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Psalm 78
. . . we will tell the next generation the praiseworthy deeds of the LORD, his power, and the wonders he has done. .
so the next generation would know them . . . and they in turn would tell their children.
Then they would put their trust in God and would not forget his deeds but would keep his commands.

Thursday, January 8, 2009

Boyhood Expeditions

Lane marched into the kitchen after being called inside from the backyard for dinner. On his way to wash up, he stopped to talk to me.

“Mom!” he said in a very excited voice. I looked at him. He stood there in his rubber rain boots, a toy gun jammed into the waistband of his pants, and a Sprite box on his arm, like a big cardboard sleeve. His dimples were deep because his smile was so broad he could hardly contain it enough to talk.

“I’ve got armor!”

“Armor!” I smiled at him and thumped on the box a few times. “You’re right!” Mr. Edwards looked up from the mail he was reading and looked over at Lane. The Sprite box was a “fridge pack” and fit his arm pretty well, but the box was torn to be shorter and the Sprite artwork on the box was faded by the sun. It was curious because we don’t drink Sprite.

“Lane, where’d you get the box?”

“The P---‘s yard!” His smile and satisfaction persisted.

Mr. Edwards asked, “The front yard or the back?”

Lane’s expression suddenly changed as he realized his predicament. At that moment I knew: he had climbed the fence and fetched this trash out of their yard. He isn’t supposed to climb the fence and be in anyone’s yard but ours. Still, I knew that Lane could do this because I had watched him do it. Sometime ago his ball went over the fence and, unbeknownst to Lane, I watched him scale the fence and retrieve the ball as I stood at our back window. I never spoke to him about it because I knew the P---- family wouldn’t mind him getting his ball.

“The backyard.” He answered obediently and honestly. This surprised me, but I was relieved. It was time to clarify the rule.

“Lane, you can’t climb the fence into their yard.” He knew this instinctively and appeared worried about a coming punishment. “Lane,” I continued, “I know that you can climb the fence and get back into our yard without a problem, but what about Toby? He always tries to do what you do. What if he fell into the other neighbor’s yard? What would I do then? How could I get him out?”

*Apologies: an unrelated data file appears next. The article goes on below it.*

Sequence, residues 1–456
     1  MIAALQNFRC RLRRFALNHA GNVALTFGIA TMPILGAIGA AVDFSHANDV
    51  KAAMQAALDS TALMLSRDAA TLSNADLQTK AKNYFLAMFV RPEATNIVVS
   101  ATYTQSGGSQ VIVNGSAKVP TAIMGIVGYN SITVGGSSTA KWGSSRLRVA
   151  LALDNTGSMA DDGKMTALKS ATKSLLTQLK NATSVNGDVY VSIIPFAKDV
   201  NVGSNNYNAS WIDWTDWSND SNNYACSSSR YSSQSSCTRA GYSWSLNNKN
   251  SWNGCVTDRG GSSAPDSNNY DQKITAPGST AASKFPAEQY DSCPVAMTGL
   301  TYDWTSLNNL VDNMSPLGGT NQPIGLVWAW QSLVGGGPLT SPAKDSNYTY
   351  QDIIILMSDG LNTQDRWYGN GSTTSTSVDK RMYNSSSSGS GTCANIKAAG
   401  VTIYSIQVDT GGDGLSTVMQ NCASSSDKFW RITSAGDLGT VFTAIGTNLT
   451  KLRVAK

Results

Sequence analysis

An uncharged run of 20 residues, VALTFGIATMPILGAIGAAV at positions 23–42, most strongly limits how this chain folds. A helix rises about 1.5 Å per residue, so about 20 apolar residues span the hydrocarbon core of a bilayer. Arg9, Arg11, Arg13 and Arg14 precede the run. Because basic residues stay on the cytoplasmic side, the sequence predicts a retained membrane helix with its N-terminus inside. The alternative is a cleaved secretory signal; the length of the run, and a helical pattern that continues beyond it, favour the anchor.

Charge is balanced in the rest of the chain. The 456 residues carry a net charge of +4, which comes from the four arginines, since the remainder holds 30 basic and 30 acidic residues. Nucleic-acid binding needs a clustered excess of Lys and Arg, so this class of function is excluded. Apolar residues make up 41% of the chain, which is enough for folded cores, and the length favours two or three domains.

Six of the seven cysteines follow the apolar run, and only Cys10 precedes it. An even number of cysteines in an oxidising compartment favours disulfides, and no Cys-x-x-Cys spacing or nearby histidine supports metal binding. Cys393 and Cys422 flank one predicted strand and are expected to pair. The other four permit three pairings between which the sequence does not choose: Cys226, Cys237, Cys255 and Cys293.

Lane was able to get over the six-foot-cedar fence between our properties only by taking advantage of where our dividing fence met the back fence perpendicularly. The fence between our house and the P----‘s has horizontal boards on our side, but is smooth on their side. Lane was able to get home because the back fence, which belongs to the property behind us, has horizontal boards on our side and runs across both our yard and the P-----‘s. However, this same fence has the smooth pickets on the other side. If Lane---or Toby---tumbled into the yard of the people behind us, it would be very difficult to get out. Especially since we do not know them and they appear to be at work all day long. Their gates could be locked. I shuddered as I imagined myself climbing the fence to try and hoist Toby back over and then trying to figure out my own way out.

Mr. Edwards chimed in, “Plus, they have that dog.”

Lane looked very serious.

“Lane, please don’t climb the fence anymore.” I solemnly told him.

“Besides,” it was Mr. Edwards again; “you need to get permission before you go onto someone else’s property, even the P----‘s.”

“Okay, Dad.”

The boy with a soda box for armor walked off to wash for supper.

3 comments:

Sharon said...

Wow, you both dealt with this so coolly. One of my problems (er, actually that should read "sins") is that I tend to get angry at the kids when they do the wrong or foolish thing, rather than talking to them calmly about what they have done wrong and then disciplining as necessary.

This is something I struggle with daily. Except I do notice that I am much better able to handle myself in a given situation if I am already focussed on them, rather than myself. I think I probably need to learn to be more other-focussed and less self-centred in general. I've been learning a bit of this in the last few days. Paul says in Galatians 5, "The only thing that counts is faith expressing itself through love." And then a bit later in the chapter he says, "You, my brothers, were called to be free. But do not use your freedom to indulge the sinful nature; rather, serve one another in love. The entire law is summed up in a single command: "Love your neighbor as yourself." "

I need to watch myself. It is far to easy to indulge my sinful nature and be selfish, rather than serving my children (and others) in love.

Thanks for making me think this morning!

~ Sharon

Mrs. Edwards said...

I think we kept our cool because I feel more worried about Toby copying him than Lane getting hurt or stuck in the neighbor's. For once, I was able to see the humor in the situation. Usually, I fly off the handle with, "What were you doing???" and so on.

As for the focusing on self, I'm right there with you! I am reading Jerry Bridges "In Pursuit of Holiness" and in the first chapter he says that one problem Christians have in trying to be holy is that we look for the victory over sin for our own selfish reasons. That is, we long for victory over sin so that we will benefit, rather than longing for victory over sin because our sins grieve God. I found it a subtle but critical difference!

Sharon said...

Hmmm. You could be right in my case. Something more to think about! As always, thank you!

~ Sharon

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